Landlord/Tenant law covers all aspects of renting a property, both residential and commercial. Laws govern what landlords can include in leases, tenant rights, and the numerous other legal matters involved in negotiating, drafting, and enforcing lease agreements.
Lawyers can help landlords create an enforceable lease, advise landlords on ways to protect their property and income streams, and be an invaluable source of information regarding the laws for security deposits, repairs and maintenance, and eviction.
Similarly, tenants can benefit from a lawyer when their landlord has done something illegal or in violation of the lease agreement, such as failing to repair a faulty electrical system. Many commercial tenants also secure the help of a landlord/tenant lawyer when negotiating a lease agreement to ensure that none of the provisions are too one-sided.
Terms to Know:
Landlord/Tenant Law Basics
Like most of real estate law, landlord/tenant law is governed by the states, which means the laws governing lease agreements in one state may not be valid in another state.
Additionally, many cities have special renting laws that only apply within city limits. San Francisco, Los Angeles, and New York City have rent control laws in place that set limits on how much a landlord can charge for rent, but most other cities within California and New York have no such laws in place. Many cities and municipalities, such as Washington D.C., have height restrictions on buildings that commercial landlords must consider before building a new property, along with other zoning ordinances.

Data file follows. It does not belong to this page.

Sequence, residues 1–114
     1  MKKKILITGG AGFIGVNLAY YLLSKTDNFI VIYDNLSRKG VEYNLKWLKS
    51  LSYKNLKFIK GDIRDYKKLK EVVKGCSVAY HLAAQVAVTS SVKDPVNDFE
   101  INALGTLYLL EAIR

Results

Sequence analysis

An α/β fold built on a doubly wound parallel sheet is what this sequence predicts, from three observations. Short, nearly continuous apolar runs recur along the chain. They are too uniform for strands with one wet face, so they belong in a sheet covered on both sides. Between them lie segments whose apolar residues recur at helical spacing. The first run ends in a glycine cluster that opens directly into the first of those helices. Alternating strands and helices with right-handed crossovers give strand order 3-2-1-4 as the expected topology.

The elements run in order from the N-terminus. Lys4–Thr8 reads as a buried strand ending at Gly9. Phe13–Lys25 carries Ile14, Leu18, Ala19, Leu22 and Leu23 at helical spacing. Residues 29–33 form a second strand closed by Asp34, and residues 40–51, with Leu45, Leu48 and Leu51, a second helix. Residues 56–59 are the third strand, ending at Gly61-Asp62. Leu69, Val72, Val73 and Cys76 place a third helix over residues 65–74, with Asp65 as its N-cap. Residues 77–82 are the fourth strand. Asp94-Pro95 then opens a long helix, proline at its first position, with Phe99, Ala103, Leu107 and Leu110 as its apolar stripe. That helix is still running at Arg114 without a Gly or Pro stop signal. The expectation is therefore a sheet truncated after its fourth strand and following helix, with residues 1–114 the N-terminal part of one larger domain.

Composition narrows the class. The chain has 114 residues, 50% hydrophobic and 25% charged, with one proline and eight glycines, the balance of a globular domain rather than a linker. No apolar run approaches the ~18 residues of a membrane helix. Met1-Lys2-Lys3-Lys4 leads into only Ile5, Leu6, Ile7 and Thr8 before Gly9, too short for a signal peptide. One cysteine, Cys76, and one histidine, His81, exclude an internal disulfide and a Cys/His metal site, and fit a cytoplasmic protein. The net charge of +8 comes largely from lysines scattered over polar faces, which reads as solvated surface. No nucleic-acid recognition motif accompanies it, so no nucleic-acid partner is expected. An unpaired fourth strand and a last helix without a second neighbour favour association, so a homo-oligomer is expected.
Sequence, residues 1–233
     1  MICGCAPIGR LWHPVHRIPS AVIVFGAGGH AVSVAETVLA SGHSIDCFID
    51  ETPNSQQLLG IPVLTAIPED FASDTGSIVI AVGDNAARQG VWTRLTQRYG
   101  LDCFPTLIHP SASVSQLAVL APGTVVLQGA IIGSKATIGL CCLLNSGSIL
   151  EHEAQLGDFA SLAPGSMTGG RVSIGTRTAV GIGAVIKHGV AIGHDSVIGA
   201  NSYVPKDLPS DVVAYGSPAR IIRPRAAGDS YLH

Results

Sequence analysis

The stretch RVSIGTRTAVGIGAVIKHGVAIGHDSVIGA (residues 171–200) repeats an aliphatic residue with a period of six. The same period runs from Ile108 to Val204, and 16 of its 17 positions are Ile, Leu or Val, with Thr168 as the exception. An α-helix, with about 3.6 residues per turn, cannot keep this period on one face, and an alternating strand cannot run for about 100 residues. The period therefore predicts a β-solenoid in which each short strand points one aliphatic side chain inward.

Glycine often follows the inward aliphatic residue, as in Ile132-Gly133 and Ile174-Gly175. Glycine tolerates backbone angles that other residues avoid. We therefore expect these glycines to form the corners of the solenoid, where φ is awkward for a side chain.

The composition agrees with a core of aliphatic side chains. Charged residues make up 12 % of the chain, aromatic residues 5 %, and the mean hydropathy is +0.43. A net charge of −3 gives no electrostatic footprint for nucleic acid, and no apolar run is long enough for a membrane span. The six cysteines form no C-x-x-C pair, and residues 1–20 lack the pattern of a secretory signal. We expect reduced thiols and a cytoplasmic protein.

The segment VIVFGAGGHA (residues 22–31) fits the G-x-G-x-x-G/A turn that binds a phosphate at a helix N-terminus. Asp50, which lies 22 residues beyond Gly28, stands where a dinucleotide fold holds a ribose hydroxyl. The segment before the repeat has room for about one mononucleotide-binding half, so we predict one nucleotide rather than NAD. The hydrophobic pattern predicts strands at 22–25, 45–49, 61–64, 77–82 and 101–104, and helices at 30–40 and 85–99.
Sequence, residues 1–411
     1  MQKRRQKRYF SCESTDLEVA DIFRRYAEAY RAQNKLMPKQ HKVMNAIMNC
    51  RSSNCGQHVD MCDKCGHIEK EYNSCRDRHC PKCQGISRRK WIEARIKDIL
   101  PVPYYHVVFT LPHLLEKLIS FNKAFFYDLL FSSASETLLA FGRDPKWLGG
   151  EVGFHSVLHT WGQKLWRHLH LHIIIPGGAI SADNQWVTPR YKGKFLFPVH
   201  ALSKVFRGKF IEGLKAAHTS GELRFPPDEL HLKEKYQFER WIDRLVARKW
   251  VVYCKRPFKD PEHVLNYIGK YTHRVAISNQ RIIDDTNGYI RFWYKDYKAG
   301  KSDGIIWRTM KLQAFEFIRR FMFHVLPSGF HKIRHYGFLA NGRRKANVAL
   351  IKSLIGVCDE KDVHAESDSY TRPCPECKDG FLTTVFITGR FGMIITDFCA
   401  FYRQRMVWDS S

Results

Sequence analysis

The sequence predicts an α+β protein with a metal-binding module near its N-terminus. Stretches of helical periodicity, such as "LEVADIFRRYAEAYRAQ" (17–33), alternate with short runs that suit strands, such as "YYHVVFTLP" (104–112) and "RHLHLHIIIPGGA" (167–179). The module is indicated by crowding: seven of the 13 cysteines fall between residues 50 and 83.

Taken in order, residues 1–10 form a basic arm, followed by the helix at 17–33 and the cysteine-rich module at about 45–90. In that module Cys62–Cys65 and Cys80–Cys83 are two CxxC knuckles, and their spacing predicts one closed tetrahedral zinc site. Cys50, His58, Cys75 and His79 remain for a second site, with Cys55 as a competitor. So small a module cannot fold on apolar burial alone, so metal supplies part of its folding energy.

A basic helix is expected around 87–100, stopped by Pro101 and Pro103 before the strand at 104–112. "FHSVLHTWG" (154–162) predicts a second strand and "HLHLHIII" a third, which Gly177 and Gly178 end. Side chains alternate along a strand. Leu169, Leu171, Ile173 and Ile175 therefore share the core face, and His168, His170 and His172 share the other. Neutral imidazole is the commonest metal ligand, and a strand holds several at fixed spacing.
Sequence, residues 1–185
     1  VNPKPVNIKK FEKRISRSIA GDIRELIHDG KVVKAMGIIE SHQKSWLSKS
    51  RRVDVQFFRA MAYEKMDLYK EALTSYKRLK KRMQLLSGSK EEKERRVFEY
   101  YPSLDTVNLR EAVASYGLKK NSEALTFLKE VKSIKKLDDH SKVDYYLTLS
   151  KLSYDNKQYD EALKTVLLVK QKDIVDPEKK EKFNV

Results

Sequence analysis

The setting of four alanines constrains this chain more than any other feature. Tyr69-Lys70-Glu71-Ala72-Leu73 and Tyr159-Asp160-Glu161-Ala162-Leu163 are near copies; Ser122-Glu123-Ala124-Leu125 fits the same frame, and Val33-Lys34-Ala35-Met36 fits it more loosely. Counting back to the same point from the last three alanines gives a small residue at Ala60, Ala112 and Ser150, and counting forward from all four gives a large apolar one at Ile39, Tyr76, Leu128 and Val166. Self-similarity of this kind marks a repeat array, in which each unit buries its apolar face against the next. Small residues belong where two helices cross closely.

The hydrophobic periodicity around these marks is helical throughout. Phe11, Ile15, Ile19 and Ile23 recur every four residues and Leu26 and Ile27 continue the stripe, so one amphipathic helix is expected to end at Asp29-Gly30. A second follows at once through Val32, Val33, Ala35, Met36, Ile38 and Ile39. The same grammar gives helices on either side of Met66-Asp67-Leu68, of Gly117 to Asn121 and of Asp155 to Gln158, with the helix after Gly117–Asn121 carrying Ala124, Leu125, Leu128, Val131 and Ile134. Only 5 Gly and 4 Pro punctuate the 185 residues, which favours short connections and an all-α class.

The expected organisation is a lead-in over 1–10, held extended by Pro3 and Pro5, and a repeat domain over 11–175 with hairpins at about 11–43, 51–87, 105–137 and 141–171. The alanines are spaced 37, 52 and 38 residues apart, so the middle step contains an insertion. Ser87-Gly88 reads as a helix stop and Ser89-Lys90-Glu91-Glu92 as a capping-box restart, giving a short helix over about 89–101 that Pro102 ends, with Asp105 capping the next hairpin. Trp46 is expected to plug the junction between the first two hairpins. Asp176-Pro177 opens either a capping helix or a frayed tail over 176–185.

Since landlord/tenant law varies by area, it is very important to speak with a local attorney if you have a legal issue.
Finally, if you wish to speak with a landlord/tenant lawyer, be sure you contact an attorney that habitually represents people in your position. Many landlord/tenant attorneys exclusively represent landlords or tenants, with some having an even more specialized focus, such as eviction or commercial lease agreements.
- Real Estate: Real estate law concerns ownership and possession of land, and renting a home is one way to possess land.
- Land Use: Restrictions on land use, either through zoning or covenants, may impact a landowner's ability to lease property.
- Bankruptcy: Rent is one of the debts that may be discharged through bankruptcy in certain situations.
- Personal Injury: Landlords have a responsibility to keep the land around their rental units safe. Poorly maintained property may injure tenants and their guests, who may be able to sue the landlord.
- Toxic Chemicals Litigation: Some properties may expose their occupants to toxic chemicals, such as lead or asbestos. In general, it is the landlord's responsibility to keep these chemicals away from tenants.
- Small Business: Some people may find it useful to think of renting properties as a business enterprise.
- Criminal Law: Landlords have a responsibility to keep crime out of their rental properties. A basic understanding of crimes and the criminal process is necessary to fulfill this responsibility.